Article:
HOUSTON The Alzheimer's Association has awarded a three-year, $200,000 grant to Claudio Soto, Ph.D., professor of neurology at The University of Texas Health Science Center at Houston (UTHealth), to pursue a procedure that could detect pre-symptomatic Alzheimer's disease.
"The main goal of this project is to develop an efficient and early biochemical diagnosis such as a blood test that can tell people they are in the process to develop Alzheimer's disease perhaps years before any brain damage or disease symptoms appear," said Soto, director of the George P. and Cynthia W. Mitchell Center for Alzheimer's Disease and Related Brain Disorders at UTHealth. "This would allow treatment to begin much earlier with the ultimate goal that disease symptoms would not occur in their lifetime."
Soto and his research team at The University of Texas Medical School at Houston, part of UTHealth, will be testing their own innovative process to amplify biomarkers of protein misfolding and aggregation. This process has been successful in pre-clinical studies. The team will try to repeat that discovery in human biological fluids including cerebrospinal fluid and blood. Protein misfolding and aggregation have been linked to the brain damage experienced by Alzheimer's patients.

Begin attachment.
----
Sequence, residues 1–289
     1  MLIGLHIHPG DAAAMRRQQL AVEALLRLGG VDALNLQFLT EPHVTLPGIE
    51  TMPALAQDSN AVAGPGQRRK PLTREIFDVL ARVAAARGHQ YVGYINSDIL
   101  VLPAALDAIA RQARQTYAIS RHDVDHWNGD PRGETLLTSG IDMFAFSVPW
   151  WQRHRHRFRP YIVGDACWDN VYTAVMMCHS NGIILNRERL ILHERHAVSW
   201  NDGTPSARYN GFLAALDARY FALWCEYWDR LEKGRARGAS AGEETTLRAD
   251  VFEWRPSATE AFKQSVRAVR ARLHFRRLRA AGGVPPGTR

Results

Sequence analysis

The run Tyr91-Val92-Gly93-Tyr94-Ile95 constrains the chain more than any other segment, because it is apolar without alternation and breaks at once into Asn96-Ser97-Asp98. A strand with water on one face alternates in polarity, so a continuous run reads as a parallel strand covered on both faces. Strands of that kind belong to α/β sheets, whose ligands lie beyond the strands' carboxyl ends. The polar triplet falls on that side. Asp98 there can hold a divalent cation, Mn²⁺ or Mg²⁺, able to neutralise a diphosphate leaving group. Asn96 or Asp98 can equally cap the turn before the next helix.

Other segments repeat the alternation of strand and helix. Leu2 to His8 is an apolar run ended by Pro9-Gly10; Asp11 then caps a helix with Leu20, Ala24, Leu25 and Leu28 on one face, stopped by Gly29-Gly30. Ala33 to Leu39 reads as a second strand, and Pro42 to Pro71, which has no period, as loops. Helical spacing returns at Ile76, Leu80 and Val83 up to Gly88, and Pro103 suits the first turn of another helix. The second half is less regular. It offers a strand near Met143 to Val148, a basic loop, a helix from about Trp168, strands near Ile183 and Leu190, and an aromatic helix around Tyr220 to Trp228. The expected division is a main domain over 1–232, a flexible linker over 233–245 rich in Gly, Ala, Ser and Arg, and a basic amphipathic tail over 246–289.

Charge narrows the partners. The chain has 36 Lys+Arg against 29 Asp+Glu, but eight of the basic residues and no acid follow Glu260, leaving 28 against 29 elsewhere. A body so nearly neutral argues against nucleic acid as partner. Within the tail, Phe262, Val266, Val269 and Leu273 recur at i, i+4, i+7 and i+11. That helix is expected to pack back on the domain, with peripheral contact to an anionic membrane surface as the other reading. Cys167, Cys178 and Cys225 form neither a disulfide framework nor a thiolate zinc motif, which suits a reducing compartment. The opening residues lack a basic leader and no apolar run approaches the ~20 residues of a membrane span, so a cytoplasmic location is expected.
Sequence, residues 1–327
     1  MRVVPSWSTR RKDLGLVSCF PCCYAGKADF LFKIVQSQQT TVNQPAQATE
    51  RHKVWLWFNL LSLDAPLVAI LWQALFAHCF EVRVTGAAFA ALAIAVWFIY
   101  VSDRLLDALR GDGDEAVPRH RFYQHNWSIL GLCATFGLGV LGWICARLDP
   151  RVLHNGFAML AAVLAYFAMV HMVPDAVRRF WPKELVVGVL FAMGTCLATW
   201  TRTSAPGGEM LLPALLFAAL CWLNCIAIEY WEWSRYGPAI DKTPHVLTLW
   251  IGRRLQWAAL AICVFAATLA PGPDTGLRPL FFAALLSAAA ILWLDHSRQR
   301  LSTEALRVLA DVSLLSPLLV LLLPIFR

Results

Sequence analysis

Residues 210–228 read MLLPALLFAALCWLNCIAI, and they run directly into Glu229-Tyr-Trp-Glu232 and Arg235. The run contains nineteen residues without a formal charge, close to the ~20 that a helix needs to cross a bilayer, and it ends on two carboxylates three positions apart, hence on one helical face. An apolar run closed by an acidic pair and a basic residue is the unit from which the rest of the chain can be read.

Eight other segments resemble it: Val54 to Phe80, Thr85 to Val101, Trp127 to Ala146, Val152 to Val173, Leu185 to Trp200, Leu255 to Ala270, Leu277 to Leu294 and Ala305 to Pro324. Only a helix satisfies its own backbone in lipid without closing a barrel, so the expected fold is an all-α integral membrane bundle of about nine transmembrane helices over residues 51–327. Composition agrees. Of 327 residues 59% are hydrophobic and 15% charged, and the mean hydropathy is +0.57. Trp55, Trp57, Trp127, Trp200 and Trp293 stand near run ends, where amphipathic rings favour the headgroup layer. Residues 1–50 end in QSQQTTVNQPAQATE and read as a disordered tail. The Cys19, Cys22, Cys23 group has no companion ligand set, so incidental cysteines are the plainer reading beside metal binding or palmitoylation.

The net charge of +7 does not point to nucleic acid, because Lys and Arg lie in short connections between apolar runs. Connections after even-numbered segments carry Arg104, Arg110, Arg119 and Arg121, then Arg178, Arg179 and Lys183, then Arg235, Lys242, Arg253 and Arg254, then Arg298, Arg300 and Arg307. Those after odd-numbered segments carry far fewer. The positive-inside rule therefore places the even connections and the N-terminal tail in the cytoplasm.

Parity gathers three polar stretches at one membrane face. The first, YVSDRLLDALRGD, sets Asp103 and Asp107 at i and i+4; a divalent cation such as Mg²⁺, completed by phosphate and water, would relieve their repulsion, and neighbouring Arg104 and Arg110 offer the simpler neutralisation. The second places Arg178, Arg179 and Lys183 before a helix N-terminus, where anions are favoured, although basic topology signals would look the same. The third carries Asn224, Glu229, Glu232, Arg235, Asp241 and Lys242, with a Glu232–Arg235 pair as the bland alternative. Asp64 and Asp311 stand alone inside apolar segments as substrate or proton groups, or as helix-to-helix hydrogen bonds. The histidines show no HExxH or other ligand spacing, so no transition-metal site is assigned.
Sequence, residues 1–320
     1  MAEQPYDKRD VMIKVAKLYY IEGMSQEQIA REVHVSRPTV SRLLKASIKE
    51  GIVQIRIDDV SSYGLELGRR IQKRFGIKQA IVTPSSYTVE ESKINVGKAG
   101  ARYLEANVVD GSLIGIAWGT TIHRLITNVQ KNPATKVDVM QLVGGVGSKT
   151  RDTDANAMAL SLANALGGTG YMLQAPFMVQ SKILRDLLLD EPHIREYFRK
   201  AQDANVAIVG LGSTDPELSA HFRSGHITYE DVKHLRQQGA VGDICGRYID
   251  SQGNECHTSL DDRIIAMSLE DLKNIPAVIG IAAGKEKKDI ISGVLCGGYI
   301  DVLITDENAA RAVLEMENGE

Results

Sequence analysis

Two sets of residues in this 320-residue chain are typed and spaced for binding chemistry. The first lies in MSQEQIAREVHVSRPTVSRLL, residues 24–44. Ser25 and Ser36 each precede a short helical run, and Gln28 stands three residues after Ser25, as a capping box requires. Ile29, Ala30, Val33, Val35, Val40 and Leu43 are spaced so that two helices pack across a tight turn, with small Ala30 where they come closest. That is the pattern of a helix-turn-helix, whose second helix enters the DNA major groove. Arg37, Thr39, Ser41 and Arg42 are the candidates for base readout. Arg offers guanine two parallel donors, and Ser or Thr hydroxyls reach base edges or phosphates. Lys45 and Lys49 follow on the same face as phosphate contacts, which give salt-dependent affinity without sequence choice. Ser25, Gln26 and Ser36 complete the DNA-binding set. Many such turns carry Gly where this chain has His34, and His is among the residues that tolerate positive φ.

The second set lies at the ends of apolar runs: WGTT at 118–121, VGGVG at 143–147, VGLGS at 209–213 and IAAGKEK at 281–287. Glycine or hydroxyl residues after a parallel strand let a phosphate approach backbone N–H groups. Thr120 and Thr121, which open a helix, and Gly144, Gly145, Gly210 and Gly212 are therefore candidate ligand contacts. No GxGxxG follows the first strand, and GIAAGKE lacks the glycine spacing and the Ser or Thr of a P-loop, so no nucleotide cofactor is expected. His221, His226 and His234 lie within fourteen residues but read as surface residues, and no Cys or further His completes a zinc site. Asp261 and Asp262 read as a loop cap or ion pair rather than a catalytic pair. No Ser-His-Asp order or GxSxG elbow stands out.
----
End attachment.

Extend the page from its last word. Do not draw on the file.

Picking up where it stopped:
There is currently no test to detect Alzheimer's disease before the appearance of symptoms, which include memory changes, problem solving difficulties, trouble completing routine tasks and confusion with space or time. The disease eventually leads to death as symptoms increase. According to the Alzheimer's Association, an estimated 5.3 million Americans suffer from the disease and it is the seventh leading cause of death. From 2000 to 2006, Alzheimer's deaths increased 46 percent while deaths from heart disease, stroke, breast cancer and prostate cancer decreased.
|Contact: Deborah Mann Lake|
University of Texas Health Science Center at Houston